At Pellissippi State Community College (PSCC), our users have access to many Gale resources through the Tennessee Electronic Library (TEL). Through our TEL setup we are able to track only statistics for PSCC users. From our statistics, we know that Gale resources are heavily used by PSCC patrons and there are a few reasons behind this success:
In Class Instruction
Our students primarily use the resources shown to them during class. PSCC librarians provided research instruction to 137 classes this past fall semester. PSCC librarians and teaching faculty find that students who receive in-class research instruction achieve higher grades on their research assignments. One of the lessons we present to students is the importance of finding background information before searching for journal articles. Opposing Viewpoints In Context is our go-to database for demonstrating background research. All the “In Context” databases contain Topic Pages for select topics, which provide histories and explain the different viewpoints of those topics or issues.
Because not all of our faculty can find the time in a 5 to 16 week semester to have us in their classes, educating our faculty about our resources is the next best way to reach our students. Our faculty learn about Gale databases at our New Faculty Academy, where we introduce library resources, and at Faculty In-Service, where we demonstrate new databases or changes and new features to current databases. Librarians at PSCC are faculty and serve as subject liaisons. With this designation comes the responsibility to serve on campus academic committees and attend academic department meetings (and sometimes share after-work beers). Relationships with faculty are formed through these committees. I find that these relationships make faculty more comfortable talking with librarians about research assignments and available resources, which provides us the opportunity to recommend the most appropriate resources for their upcoming assignments (or their own research).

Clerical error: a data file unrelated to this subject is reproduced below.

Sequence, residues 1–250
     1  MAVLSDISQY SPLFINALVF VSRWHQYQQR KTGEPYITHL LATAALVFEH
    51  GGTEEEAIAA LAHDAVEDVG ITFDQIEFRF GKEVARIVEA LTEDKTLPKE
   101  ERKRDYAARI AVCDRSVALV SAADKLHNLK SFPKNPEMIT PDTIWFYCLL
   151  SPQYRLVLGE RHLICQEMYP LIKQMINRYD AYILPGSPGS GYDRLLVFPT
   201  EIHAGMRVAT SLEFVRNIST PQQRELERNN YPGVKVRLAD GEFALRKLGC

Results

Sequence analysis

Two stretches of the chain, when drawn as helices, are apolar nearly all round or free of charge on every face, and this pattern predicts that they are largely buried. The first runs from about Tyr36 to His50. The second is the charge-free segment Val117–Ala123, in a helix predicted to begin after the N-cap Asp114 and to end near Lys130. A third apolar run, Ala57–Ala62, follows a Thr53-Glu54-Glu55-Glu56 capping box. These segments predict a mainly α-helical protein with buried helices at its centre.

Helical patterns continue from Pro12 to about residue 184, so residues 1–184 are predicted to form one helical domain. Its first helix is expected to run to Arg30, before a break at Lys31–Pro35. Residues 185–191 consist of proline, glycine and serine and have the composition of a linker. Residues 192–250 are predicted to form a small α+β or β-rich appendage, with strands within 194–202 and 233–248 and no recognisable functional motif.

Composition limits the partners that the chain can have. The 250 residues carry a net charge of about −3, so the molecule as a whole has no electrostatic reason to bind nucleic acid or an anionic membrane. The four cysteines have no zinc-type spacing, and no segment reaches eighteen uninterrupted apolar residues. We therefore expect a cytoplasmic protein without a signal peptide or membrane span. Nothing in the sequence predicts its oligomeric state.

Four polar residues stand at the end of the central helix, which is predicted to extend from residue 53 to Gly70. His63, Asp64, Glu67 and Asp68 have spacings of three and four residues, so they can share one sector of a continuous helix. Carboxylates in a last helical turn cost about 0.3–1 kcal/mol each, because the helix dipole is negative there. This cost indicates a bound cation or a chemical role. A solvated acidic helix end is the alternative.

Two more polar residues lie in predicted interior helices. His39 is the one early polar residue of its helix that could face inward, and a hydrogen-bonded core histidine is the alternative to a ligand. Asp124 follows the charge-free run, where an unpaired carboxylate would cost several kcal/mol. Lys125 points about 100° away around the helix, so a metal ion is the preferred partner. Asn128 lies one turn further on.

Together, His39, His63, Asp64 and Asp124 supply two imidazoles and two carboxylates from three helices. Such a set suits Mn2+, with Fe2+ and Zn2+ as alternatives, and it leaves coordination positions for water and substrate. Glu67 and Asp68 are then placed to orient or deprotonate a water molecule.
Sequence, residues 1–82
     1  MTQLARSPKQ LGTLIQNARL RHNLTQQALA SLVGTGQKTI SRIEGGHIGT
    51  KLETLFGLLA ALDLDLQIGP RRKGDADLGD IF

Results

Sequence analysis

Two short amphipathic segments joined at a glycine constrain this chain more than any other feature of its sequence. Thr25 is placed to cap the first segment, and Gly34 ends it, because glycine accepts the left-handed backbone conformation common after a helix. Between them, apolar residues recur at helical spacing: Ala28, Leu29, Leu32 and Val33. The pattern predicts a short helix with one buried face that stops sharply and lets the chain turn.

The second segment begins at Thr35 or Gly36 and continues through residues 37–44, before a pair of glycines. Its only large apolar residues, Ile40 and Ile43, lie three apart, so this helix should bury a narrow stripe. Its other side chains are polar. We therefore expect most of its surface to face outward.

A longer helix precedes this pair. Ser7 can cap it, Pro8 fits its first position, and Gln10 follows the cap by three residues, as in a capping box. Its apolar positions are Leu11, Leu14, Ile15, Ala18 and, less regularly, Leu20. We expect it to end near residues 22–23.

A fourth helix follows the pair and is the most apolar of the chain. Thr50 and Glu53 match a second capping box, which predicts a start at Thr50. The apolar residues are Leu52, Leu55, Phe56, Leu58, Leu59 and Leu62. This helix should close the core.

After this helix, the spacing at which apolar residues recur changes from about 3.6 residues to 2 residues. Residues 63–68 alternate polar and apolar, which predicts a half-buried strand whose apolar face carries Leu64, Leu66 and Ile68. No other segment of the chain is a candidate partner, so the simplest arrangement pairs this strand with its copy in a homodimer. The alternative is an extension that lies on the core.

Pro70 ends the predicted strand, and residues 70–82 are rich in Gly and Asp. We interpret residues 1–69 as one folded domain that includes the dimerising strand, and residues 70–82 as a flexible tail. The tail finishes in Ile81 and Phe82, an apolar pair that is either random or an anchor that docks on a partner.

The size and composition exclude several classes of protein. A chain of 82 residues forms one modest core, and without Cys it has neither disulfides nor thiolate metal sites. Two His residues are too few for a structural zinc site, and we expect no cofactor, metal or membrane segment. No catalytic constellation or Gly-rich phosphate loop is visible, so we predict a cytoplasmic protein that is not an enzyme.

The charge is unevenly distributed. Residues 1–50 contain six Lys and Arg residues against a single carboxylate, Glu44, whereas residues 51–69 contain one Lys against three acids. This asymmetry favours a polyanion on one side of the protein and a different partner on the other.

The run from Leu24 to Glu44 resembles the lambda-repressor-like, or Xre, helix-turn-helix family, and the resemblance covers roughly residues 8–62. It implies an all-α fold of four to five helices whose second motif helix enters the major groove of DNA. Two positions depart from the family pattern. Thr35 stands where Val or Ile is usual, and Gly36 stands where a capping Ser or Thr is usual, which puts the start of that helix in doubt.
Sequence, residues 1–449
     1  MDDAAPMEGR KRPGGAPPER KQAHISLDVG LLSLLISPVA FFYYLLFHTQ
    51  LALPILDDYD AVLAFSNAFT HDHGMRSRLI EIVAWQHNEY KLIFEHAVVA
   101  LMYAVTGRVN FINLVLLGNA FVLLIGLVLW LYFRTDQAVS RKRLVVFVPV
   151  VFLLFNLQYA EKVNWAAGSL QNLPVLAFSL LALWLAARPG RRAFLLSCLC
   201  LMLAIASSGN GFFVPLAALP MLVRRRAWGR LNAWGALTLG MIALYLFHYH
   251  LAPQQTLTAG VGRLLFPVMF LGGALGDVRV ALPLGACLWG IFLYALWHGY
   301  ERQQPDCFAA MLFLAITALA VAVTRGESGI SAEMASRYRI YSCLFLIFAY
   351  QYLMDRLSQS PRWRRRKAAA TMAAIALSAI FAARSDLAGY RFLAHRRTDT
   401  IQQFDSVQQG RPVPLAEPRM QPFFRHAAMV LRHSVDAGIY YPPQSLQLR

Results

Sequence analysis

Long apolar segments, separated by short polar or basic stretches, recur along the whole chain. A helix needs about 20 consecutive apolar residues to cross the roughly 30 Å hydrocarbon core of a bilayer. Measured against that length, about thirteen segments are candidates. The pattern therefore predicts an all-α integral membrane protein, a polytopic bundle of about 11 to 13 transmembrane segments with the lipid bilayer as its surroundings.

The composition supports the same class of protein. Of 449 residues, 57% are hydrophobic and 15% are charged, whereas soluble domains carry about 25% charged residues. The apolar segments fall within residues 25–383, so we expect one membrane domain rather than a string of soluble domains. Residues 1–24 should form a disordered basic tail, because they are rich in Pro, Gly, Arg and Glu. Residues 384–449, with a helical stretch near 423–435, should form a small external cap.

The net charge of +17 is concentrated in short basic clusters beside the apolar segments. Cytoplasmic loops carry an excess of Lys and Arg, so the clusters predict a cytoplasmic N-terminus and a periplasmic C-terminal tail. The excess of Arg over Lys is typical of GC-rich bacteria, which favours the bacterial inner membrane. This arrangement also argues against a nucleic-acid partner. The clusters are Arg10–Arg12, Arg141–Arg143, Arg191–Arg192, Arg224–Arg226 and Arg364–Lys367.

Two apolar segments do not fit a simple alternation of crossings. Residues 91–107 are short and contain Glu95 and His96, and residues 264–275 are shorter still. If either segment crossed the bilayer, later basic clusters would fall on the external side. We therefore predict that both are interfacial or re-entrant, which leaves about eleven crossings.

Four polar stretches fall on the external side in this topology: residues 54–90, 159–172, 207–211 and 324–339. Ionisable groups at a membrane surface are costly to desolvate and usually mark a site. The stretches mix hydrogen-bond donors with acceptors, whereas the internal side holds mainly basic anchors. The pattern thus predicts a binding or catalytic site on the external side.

Originally posted on School Library Journal, February 15, 2017 Fake news is everywhere, and many Americans in this digital age struggle to sort fact from fiction. As the concern for fake news and what to to with it grows, students and researchers are turning to the library for reliable, authoritative tools to aid proper research. … Read more